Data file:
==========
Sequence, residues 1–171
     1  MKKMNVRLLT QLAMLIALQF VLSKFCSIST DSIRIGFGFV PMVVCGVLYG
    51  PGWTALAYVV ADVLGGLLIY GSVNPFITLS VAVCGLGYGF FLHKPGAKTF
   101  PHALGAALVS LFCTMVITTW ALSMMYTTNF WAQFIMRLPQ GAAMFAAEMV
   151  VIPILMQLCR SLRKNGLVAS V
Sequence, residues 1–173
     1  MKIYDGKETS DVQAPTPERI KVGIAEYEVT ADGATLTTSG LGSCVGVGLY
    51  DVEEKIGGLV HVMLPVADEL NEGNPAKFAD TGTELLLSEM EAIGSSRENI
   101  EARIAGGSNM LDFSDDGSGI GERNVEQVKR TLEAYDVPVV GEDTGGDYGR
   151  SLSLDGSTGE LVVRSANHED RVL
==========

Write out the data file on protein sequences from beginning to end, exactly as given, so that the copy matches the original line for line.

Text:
Sequence, residues 1–171
     1  MKKMNVRLLT QLAMLIALQF VLSKFCSIST DSIRIGFGFV PMVVCGVLYG
    51  PGWTALAYVV ADVLGGLLIY GSVNPFITLS VAVCGLGYGF FLHKPGAKTF
   101  PHALGAALVS LFCTMVITTW ALSMMYTTNF WAQFIMRLPQ GAAMFAAEMV
   151  VIPILMQLCR SLRKNGLVAS V
Sequence, residues 1–173
     1  MKIYDGKETS DVQAPTPERI KVGIAEYEVT ADGATLTTSG LGSCVGVGLY
    51  DVEEKIGGLV HVMLPVADEL NEGNPAKFAD TGTELLLSEM EAIGSSRENI
   101  EARIAGGSNM LDFSDDGSGI GERNVEQVKR TLEAYDVPVV GEDTGGDYGR
   151  SLSLDGSTGE LVVRSANHED RVL